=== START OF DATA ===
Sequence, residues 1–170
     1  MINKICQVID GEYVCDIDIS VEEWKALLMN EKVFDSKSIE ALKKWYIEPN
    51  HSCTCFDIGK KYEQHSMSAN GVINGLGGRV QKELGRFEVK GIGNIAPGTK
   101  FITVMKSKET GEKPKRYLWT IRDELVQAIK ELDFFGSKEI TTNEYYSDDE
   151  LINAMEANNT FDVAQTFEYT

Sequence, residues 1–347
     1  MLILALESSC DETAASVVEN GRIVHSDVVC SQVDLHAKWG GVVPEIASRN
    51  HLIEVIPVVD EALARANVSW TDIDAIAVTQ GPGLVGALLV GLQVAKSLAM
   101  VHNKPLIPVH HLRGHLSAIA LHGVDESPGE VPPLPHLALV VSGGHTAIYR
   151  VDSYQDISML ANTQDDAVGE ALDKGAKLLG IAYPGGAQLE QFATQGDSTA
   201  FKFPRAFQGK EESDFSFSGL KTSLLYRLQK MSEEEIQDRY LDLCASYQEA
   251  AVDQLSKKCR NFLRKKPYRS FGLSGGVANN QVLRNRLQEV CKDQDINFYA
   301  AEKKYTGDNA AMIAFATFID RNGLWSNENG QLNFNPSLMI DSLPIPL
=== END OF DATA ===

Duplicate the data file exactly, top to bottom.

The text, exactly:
Sequence, residues 1–170
     1  MINKICQVID GEYVCDIDIS VEEWKALLMN EKVFDSKSIE ALKKWYIEPN
    51  HSCTCFDIGK KYEQHSMSAN GVINGLGGRV QKELGRFEVK GIGNIAPGTK
   101  FITVMKSKET GEKPKRYLWT IRDELVQAIK ELDFFGSKEI TTNEYYSDDE
   151  LINAMEANNT FDVAQTFEYT

Sequence, residues 1–347
     1  MLILALESSC DETAASVVEN GRIVHSDVVC SQVDLHAKWG GVVPEIASRN
    51  HLIEVIPVVD EALARANVSW TDIDAIAVTQ GPGLVGALLV GLQVAKSLAM
   101  VHNKPLIPVH HLRGHLSAIA LHGVDESPGE VPPLPHLALV VSGGHTAIYR
   151  VDSYQDISML ANTQDDAVGE ALDKGAKLLG IAYPGGAQLE QFATQGDSTA
   201  FKFPRAFQGK EESDFSFSGL KTSLLYRLQK MSEEEIQDRY LDLCASYQEA
   251  AVDQLSKKCR NFLRKKPYRS FGLSGGVANN QVLRNRLQEV CKDQDINFYA
   301  AEKKYTGDNA AMIAFATFID RNGLWSNENG QLNFNPSLMI DSLPIPL